Indian ocean

Mysterious Maldives: a north to south voyage

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Part of what makes the Maldives so fascinating is how little most of us know about the small Islamic country. The common perception is of a peaceful, sun-kissed Indian Ocean paradise that caters to the famous and honeymooning. In truth, it’s a deeply complex country of 394,000 (with one third of those being foreign or illegal workers). Most people either work in the resorts, for the government or they fish. And right now the Islamic Republic is struggling to stabilize its nascent democracy.
Until 2010, when the Local Tourism Laws went into effect, visitors were exposed to very little of the internal workings of the country. All boaters saw of the Maldives were select ports and, if they were lucky, a couple of the 112 secluded private-island resorts. Most villages were off limits. But with the changing of laws came a change in cruising itineraries—not only could boaters explore uninhabited islands and the tried and true ports of Uligamu, Kulhudhuffushi, Hulhumale and Gan but, with the new laws, the whole country was suddenly accessible.
The Maldives are made up of thousands of islands, with tongue twister names, that are scattered between 26 atolls running down the country’s 520nm length. Only a portion of these islands offer secure all-weather anchorage and even fewer are highlighted in any sort of cruising guide. A visit here requires a combination of old-fashioned adventurous seamanship and the judicious use of modern technology. Basically, we checked the charts to pinpoint good anchorages and then downloaded images from Google Earth to help with navigation.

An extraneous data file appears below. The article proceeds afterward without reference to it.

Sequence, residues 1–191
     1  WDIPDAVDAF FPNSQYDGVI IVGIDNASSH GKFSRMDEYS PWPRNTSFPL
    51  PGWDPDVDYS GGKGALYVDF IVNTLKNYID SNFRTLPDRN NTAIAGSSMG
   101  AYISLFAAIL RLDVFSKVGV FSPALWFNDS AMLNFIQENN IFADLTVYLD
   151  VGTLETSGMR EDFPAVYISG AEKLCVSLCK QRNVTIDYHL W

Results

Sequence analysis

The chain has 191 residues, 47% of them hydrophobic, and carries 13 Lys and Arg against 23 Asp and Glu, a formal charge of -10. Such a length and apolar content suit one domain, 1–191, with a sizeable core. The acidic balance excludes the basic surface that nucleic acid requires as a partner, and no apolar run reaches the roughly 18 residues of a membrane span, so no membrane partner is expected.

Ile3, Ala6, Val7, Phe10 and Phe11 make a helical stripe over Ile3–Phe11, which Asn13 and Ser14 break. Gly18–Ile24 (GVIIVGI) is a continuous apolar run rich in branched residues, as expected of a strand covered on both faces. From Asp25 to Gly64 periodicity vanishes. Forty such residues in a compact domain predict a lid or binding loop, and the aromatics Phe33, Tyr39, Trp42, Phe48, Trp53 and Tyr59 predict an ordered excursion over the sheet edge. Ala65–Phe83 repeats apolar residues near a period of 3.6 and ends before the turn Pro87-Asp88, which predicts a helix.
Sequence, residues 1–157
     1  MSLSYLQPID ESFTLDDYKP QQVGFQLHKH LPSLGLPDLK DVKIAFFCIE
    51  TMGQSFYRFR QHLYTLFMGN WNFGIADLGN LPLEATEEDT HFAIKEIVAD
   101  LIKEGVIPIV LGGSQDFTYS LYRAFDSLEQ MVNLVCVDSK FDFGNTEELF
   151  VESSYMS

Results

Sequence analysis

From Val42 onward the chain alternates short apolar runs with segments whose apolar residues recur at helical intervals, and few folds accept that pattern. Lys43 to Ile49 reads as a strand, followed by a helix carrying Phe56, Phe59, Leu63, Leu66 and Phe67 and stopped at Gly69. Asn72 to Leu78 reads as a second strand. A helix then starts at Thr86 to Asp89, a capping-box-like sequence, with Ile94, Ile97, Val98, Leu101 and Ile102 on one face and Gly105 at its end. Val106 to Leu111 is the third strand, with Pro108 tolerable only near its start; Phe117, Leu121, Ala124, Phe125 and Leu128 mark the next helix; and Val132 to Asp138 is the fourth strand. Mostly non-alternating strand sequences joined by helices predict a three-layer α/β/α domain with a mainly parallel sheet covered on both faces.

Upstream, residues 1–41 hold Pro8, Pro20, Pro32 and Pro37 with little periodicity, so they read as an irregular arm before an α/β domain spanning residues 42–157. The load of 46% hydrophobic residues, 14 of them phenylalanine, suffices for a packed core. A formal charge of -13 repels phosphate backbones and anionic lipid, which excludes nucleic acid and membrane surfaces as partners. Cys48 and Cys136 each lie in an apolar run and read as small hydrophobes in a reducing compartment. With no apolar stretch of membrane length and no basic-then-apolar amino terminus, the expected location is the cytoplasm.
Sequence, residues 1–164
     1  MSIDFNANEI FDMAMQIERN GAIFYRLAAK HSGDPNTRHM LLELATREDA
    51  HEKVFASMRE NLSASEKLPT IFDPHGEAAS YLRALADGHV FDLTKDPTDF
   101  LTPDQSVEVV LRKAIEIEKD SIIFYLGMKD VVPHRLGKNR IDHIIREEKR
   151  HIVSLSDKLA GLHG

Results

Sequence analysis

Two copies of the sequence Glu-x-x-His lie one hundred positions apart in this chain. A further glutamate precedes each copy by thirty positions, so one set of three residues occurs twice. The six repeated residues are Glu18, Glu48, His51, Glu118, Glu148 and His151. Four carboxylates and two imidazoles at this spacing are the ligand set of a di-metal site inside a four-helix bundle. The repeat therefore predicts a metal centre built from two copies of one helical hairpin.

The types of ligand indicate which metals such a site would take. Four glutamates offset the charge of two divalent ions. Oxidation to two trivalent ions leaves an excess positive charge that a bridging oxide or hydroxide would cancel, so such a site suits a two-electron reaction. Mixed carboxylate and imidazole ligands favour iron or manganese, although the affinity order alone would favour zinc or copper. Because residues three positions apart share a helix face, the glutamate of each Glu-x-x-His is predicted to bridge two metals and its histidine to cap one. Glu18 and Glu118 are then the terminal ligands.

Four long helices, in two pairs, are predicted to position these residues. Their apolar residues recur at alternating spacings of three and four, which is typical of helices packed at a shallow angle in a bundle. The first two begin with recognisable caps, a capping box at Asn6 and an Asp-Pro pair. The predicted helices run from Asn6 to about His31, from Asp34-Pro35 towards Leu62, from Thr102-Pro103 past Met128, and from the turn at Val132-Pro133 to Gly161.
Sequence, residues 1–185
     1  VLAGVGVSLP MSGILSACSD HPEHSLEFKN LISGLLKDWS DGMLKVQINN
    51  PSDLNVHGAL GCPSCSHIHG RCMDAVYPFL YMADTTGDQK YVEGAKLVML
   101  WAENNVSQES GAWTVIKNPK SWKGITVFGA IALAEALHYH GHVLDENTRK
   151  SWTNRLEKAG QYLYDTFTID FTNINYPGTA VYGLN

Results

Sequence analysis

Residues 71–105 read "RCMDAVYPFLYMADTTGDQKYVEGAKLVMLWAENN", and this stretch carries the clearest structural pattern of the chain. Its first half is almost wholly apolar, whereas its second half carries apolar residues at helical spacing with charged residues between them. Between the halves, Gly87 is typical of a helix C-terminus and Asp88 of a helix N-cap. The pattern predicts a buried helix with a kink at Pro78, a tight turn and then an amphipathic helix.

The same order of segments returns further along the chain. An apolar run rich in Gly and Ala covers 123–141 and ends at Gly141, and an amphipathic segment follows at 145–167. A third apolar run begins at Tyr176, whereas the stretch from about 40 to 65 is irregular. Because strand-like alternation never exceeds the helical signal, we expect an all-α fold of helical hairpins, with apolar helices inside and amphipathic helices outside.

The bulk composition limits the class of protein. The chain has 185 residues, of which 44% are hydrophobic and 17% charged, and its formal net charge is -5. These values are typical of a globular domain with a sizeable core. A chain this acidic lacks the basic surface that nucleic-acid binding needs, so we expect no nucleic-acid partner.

Our next step was to understand the weather. Since ancient times, the Maldivian people have organized their lives around two seasonal monsoons, the northeast monsoon or Iruvai (which means hot and dry)and the south west monsoon called Hulhangu (hot and wet). Historically Hulhangu starts on April 8 but the feedback we got from local fishermen is that due to climate change the monsoons are changing, so we should be sure to combine the historical data with local weather reports.
Cruising permits run for 30-days at a time for the Maldives—but we’d decided to take two months to explore the country. Our goal was to make our way north to south, from Uligamu to Gan, as the southwest monsoon set in (stopping in Male at the one-month point to renew our cruising permit)—along the way we hoped to discover the perfect mix of uninhabited islands, remote villages and tourist favorites.

Across the Maldives

Ceilydh in one of the Maldives’ magical anchorages.

An Island of One’s Own

Uninhabited islands are the stuff of cruising dreams, and in the Maldives there so many to choose between that our quest for the perfect island quickly became picky. Ruffushi in North Thiladhunmathee atoll had spectacular snorkeling through fields of healthy coral. At one point a curious turtle swam past—slowing enough for a photo op. In the distance we caught sight of a pod of dolphins and were tempted to swim against the ...

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